After weeks of sheltering in place, many of us long for the day when we will be able to socialize and move freely whenever and wherever we please. By now, we all know the name for what we suffer: cabin fever.
No one would disagree that we are living through difficult times, but it could be far worse. It was not too long ago that the threat of an epidemic caused communities to isolate the infected in small dwellings known as pestilence houses, or pest houses for short. Some residents also called these structures pest houses because they considered their infirmed inhabitants downright pests and a menace to society.
Patients in pest houses usually received as much care as possible, while accomplishing the main goal of preventing the spread of highly-contagious diseases to the rest of a community’s vulnerable population.
Pest houses have existed in all parts of the world for centuries. In New Mexico, they date back to the mid 19th century, usually to help combat smallpox, New Mexico’s deadliest, most frequent affliction.
With few hospitals in New Mexico until after 1900, pest houses could be considered temporary isolation wards, especially for the poor who lacked access to regular medical attention, no less urgent care.
In contrast, middle- and upper-class patients with contagious diseases usually stayed at home, where they could receive medical care in home visits by doctors and nurses. These more fortunate victims of disease were simply required to warn the public by placing “quarantine” signs on the exterior of their homes.
City ordinances often required that residents report suspected individuals so that the police could apprehend them and escort them peaceably or forcibly to the local pest house. In 1882, a Las Vegas city ordinance required the police to “proceed at once to the place … where the person or persons suffering with said disease are lodged, and shall demand at once the removal of said person … to the pest house.”
Anyone who knew of an infected neighbor was required to inform the police so they could arrange “for their immediate removal to the pest house.”
Pest house occupants came from every conceivable background and occupation. Transients were quickly sent to pest houses if they showed any sign of being a danger to a community after arriving with a contagious disease. In 1898, for example, the press reported that “a wandering outcast of the genius tramp” had arrived in Albuquerque. Afflicted with smallpox, the homeless man “was intercepted” and quickly dispatched to the pest house.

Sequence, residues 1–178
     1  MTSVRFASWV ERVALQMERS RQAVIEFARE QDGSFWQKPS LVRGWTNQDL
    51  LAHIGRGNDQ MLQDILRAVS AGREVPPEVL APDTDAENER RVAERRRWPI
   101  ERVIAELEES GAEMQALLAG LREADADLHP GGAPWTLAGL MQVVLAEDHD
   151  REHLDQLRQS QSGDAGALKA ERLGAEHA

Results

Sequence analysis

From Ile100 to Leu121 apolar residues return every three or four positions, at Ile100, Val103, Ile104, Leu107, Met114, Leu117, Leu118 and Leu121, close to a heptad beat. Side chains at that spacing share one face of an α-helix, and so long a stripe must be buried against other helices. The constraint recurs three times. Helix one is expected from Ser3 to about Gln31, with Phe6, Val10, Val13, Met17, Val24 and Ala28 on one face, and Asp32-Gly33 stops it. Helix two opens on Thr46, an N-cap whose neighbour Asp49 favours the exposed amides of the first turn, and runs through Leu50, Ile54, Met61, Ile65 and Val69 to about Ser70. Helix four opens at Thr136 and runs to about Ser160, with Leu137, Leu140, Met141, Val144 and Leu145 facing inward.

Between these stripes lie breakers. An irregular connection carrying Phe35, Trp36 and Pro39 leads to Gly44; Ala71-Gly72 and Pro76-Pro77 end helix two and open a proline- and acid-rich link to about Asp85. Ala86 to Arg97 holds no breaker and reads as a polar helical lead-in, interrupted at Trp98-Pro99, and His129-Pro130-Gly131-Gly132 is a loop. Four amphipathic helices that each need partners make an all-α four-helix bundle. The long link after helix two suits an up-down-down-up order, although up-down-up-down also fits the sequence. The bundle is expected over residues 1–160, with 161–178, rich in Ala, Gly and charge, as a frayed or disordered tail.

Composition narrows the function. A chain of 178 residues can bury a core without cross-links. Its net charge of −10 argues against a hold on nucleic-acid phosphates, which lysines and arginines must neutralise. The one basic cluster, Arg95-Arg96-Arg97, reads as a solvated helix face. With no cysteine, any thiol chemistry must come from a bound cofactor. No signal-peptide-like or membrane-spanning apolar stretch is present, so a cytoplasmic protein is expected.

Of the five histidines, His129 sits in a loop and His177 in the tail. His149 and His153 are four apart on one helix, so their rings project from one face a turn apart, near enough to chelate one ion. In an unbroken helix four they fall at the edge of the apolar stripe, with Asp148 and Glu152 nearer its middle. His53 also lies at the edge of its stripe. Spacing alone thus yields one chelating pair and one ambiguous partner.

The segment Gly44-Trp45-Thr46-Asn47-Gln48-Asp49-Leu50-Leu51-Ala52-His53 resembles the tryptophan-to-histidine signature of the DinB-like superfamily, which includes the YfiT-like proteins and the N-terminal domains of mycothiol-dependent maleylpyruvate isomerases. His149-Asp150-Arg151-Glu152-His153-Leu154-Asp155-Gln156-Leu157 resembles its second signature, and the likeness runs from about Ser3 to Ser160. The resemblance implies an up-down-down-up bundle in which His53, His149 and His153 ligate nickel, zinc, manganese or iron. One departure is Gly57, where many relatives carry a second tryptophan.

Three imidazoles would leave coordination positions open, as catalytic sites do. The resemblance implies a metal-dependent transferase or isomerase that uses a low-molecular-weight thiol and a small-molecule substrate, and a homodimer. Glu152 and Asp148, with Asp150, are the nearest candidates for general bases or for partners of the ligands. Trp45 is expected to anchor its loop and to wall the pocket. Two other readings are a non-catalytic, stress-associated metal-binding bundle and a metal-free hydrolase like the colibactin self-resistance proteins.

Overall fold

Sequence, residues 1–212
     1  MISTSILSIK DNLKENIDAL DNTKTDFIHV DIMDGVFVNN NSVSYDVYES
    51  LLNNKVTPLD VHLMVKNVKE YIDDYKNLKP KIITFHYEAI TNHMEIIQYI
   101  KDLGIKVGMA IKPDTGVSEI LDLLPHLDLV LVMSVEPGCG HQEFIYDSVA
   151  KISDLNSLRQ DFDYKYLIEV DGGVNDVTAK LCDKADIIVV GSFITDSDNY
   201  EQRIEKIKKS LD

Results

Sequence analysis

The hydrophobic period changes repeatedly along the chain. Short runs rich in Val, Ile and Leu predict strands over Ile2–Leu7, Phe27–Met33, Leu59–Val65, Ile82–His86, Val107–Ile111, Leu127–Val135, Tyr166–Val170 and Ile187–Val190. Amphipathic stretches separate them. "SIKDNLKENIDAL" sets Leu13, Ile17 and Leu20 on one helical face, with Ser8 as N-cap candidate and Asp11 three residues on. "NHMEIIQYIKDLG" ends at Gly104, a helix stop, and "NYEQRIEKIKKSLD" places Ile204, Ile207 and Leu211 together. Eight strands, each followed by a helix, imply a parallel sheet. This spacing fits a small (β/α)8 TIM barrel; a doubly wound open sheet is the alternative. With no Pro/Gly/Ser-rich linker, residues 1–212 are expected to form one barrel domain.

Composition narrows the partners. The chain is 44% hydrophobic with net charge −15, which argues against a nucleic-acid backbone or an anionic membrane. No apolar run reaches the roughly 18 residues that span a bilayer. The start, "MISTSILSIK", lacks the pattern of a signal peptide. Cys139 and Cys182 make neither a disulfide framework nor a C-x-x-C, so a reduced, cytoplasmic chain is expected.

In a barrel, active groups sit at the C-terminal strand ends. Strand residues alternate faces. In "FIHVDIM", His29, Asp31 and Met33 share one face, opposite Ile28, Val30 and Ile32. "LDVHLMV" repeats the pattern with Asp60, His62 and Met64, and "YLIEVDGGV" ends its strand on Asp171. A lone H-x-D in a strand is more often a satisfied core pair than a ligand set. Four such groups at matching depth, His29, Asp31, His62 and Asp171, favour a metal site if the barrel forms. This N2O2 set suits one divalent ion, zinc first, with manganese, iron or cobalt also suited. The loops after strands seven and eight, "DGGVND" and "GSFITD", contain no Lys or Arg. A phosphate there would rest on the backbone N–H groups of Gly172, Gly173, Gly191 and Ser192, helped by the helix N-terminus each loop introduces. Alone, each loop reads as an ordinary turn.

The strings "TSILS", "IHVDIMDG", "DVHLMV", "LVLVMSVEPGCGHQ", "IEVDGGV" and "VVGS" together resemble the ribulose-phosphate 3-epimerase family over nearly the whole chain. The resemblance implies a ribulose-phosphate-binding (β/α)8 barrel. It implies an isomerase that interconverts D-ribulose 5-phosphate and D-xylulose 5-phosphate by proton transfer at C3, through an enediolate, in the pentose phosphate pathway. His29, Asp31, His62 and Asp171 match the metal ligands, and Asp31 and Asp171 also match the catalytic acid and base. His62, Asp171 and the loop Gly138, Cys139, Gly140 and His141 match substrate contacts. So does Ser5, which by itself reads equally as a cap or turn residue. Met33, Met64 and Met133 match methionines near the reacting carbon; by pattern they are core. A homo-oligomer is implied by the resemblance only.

In the terrible winter of 1881-82 miners at the new town of Kingston had little shelter for the healthy, no less those afflicted with smallpox. The town’s only doctor was said to be a “hard drinker” who, when “loaded,” readily pulled off his hat and wig to expose where he had previously been scalped by Indians.
When sober, the doctor ordered that the largest tent in town be made into a pest house. Two “grog heads” were hired as “nurses,” although they insisted on being paid with a jug of whiskey each day. Local women furnished meals, but the so-called nurses ate most of the food and were soon fired.
As “ladies of the night” were known to do in similar emergencies, three “soiled doves” traded their fine dresses for plain attire and volunteered to work as nurses at the Kingston pest house until the crisis had passed. The novice nurses soon had the disease under control.
At least one profession made arrangements for the opening of a pest house to treat its members. In 1883, a printer named “Dutch” Snell collapsed on the sidewalk in front of the Albuquerque Democrat’s newspaper office where he worked. Snell died a few days later, a victim of smallpox.
Alarmed, other printers in Albuquerque rented an old adobe house and arranged for a doctor to run it as a pest house for printers only. Fortunately, the six printers who caught smallpox and took shelter at the pest house survived, including a printer with an unforgettable name: George Washington.
Another George, George Atkinson, had recently arrived in Albuquerque from Colorado when he landed a job as a bartender at the Home Ranch Saloon. He had just started work in April 1903 when he caught smallpox and was sent to the pest house some distance east of town. The press did not report if the Home Ranch Saloon offered him a case of liquor to pass the time in isolation.
What and where?
The construction and size of pest houses varied from one town and epidemic to the next. Some structures were made of adobe with dirt floors, few amenities and poor air ventilation. Most pest houses were small, with no more than a few rooms. Other than the county physicians who came by, health care professionals were scarce. Attendants were seldom well trained, no less adequately paid.
Although some pest houses were slightly larger and more sanitary, they seldom met the minimum standards of a true hospital. Most people considered being taken to a pest house to be little more than a death sentence. Pest houses were identified as places to die more often than places to recover and renew life.
In fact, pest houses were often located on the edge of towns not far from local cemeteries, where patients who died could be buried, often at public expense, as happened to a pauper in Santa Fe in 1884. Albuquerque’s town leaders placed a pest house in the sand hills south of the city’s few cemeteries during the smallpox epidemic of 1881.